"Papa has altered his mind altogether. He speaks of you in the highest terms, and says that had you persevered he would have yielded about the money. Do try him again. When hearts have been united it is terrible that they should be dragged asunder." Mr. Traffick had been quite right in telling his father-in-law that "the thing had been talked about everywhere." The thing talked about had been Gertrude's elopement. The daughter of a baronet and a millionaire cannot go off with the half-brother of another baronet and escape that penalty. The journey to Ostend was in everybody's mouth, and had surprised Frank Houston the more because of the recent termination of his own little affair with the lady. That he should already have re-accommodated himself with Imogene was intelligible to him, and seemed to admit of valid excuse before any jury of matrons. It was an old affair, and the love, – real, true love, – was already existing. He, at any rate, was going back to the better course, – as the jury of matrons would have admitted. But Gertrude's new affair had had to be arranged from the beginning, and shocked him by its celerity. "Already!" he had said to himself, – "gone off with another man already?" He felt himself to have been wounded in a tender part, and was conscious of a feeling that he should like to injure the successful lover, – blackball him at a club, or do him some other mortal mischief. When, therefore, he received from the young lady the little billet above given, he was much surprised. Could it be a hoax? It was certainly the young lady's handwriting. Was he to be enticed once again into Lombard Street, in order that the clerks might set upon him in a body and maltreat him? Was he to be decoyed into Queen's Gate, and made a sacrifice of by the united force of the housemaids? Not understanding the celerity of the young lady, he could hardly believe the billet.
When he received the note of which we have here spoken two months had elapsed since he had seen Imogene and had declared to her his intention of facing the difficulties of matrimony in conjunction with herself as soon as she would be ready to undergo the ceremony with him. The reader will remember that her brother, Mudbury Docimer, had written to him with great severity, abusing both him and Imogene for the folly of their intention. And Houston, as he thought of their intention, thought to himself that perhaps they were foolish. The poverty, and the cradles, and the cabbages, were in themselves evils. But still he encouraged himself to think that there might be an evil worse even than folly. After that scene with Imogene, in which she had offered to sacrifice herself altogether, and to be bound to him, even though they should never be married, on condition that he should take to himself no other wife, he had quite resolved that it behoved him not to be exceeded by her in generosity. He had stoutly repudiated her offer, which he had called a damnable compact. And then there had been a delightful scene between them, in which it had been agreed that they should face the cradles and the cabbages with bold faces. Since that he had never allowed himself to fluctuate in his purpose. Had Sir Thomas come to him with Gertrude in one hand and the much-desired ?120,000 in the other, he would have repudiated the lot of them. He declared to himself with stern resolution that he had altogether washed his hands from dirt of that kind. Cabbages and cradles for ever was the unpronounced cry of triumph with which he buoyed up his courage. He set himself to work earnestly, if not altogether steadfastly, to alter the whole tenor of his life. The champagne and the woodcocks, – or whatever might be the special delicacies of the season, – he did avoid. For some few days he absolutely dined upon a cut of mutton at an eating-house, and as he came forth from the unsavoury doors of the establishment regarded himself as a hero. Cabbages and cradles for ever! he would say to himself, as he went away to drink a cup of tea with an old maiden aunt, who was no less surprised than gratified by his new virtue. Therefore, when it had at last absolutely come home to him that the last little note had in truth been written by Gertrude with no object of revenge, but with the intention of once more alluring him into the wealth of Lombard Street, he simply put it into his breastcoat-pocket, and left it there unanswered.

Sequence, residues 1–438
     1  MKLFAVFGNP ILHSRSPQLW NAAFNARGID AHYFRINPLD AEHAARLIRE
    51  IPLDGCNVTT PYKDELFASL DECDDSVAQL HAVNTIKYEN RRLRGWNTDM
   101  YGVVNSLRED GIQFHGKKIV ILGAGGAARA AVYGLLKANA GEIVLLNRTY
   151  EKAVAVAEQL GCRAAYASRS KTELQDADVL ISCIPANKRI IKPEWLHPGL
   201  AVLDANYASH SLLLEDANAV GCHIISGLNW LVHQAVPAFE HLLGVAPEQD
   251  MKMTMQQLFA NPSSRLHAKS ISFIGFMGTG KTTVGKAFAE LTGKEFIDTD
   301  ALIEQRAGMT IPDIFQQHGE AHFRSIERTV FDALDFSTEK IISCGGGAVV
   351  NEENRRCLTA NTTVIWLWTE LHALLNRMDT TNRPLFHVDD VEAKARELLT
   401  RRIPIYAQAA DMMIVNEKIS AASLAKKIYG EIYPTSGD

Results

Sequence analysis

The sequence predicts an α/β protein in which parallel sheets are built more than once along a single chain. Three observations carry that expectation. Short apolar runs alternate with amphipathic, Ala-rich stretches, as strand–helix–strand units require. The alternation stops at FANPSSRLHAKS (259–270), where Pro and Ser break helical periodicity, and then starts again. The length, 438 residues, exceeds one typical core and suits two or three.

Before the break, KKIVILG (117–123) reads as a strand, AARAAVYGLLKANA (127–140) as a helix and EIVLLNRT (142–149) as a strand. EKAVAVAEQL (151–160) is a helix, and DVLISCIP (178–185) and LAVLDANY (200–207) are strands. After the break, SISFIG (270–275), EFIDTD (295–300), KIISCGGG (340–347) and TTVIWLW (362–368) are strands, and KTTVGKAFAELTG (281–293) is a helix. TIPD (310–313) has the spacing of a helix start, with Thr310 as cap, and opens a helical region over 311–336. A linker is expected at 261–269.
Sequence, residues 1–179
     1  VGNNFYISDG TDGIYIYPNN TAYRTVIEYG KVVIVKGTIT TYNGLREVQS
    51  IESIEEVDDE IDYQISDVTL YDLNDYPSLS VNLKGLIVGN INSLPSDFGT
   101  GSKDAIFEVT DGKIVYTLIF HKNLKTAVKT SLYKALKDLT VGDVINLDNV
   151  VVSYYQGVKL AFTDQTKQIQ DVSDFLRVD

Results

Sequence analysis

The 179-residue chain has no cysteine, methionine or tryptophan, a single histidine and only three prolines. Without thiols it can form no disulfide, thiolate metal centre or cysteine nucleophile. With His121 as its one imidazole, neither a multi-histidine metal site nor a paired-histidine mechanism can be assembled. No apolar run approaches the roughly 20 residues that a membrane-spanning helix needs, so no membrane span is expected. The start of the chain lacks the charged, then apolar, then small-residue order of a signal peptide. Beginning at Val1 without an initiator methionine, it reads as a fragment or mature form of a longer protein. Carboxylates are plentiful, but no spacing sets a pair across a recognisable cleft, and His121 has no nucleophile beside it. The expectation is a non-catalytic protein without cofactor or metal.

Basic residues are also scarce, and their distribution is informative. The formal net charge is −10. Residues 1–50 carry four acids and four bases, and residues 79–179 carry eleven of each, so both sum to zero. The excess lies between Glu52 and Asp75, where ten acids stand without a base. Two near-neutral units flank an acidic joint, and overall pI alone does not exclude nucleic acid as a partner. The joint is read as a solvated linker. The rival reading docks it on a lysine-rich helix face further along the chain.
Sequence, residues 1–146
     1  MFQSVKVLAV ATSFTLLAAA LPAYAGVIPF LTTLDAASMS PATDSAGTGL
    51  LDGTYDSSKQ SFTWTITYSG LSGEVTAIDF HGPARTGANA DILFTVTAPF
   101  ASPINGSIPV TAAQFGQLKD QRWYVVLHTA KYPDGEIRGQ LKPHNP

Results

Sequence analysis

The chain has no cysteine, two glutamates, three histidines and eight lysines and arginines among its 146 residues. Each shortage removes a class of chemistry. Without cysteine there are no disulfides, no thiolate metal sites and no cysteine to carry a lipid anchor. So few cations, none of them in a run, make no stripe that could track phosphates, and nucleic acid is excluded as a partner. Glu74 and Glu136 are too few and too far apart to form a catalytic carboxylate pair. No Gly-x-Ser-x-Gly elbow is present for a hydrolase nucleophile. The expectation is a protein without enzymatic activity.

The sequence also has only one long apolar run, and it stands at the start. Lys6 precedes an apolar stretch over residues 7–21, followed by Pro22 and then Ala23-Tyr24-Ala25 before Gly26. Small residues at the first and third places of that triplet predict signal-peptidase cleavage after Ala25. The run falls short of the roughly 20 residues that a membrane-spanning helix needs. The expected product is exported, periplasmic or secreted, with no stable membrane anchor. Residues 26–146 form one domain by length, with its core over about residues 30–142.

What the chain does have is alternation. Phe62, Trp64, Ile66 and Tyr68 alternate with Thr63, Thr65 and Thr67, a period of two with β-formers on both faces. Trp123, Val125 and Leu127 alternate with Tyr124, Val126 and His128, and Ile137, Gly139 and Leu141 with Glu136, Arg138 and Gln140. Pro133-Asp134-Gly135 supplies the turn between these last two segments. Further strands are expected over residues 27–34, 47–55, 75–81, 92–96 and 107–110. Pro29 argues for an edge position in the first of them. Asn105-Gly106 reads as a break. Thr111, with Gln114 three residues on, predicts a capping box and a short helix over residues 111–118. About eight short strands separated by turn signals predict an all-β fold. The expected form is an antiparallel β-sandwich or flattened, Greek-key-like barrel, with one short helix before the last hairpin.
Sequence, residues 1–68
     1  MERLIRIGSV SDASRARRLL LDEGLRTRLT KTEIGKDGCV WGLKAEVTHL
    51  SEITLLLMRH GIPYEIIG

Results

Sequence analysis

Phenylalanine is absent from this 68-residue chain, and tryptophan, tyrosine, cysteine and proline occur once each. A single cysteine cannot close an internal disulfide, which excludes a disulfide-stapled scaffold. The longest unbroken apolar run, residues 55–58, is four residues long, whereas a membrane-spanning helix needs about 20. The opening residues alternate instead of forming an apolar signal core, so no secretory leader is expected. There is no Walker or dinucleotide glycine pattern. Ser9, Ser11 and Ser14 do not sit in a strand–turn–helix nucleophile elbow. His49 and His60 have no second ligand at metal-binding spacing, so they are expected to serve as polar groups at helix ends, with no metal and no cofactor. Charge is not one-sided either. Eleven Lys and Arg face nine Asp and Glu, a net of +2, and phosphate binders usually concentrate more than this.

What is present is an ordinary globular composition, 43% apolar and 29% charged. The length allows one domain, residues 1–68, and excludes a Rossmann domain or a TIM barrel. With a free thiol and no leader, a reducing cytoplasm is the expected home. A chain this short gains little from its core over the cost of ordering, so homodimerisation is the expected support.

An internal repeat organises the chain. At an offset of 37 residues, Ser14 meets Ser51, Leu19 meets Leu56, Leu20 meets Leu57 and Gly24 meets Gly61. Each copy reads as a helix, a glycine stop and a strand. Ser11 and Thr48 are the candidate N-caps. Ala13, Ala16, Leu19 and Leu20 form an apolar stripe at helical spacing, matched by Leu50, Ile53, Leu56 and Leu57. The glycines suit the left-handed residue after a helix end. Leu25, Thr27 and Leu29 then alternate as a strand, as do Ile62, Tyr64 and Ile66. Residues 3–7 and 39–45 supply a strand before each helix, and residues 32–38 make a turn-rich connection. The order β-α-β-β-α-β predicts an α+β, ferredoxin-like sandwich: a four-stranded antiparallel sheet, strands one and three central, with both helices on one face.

Mudbury Docimer did not satisfy himself with writing the very uncourteous letter which the reader has seen, but proceeded to do his utmost to prevent the threatened marriage. "She is old enough to look after herself," he had said, as though all her future actions must be governed by her own will. But within ten days of the writing of that letter he had found it expedient to go down into the country, and to take his sister with him. As the head of the Docimer family he possessed a small country-house almost in the extremity of Cornwall; and thither he went. It was a fraternal effort made altogether on his sister's behalf, and was so far successful that Imogene was obliged to accompany him. It was all very well for her to feel that as she was of age she could do as she pleased. But a young lady is constrained by the exigencies of society to live with somebody. She cannot take a lodging by herself, as her brother may do. Therefore, when Mudbury Docimer went down to Cornwall, Imogene was obliged to accompany him.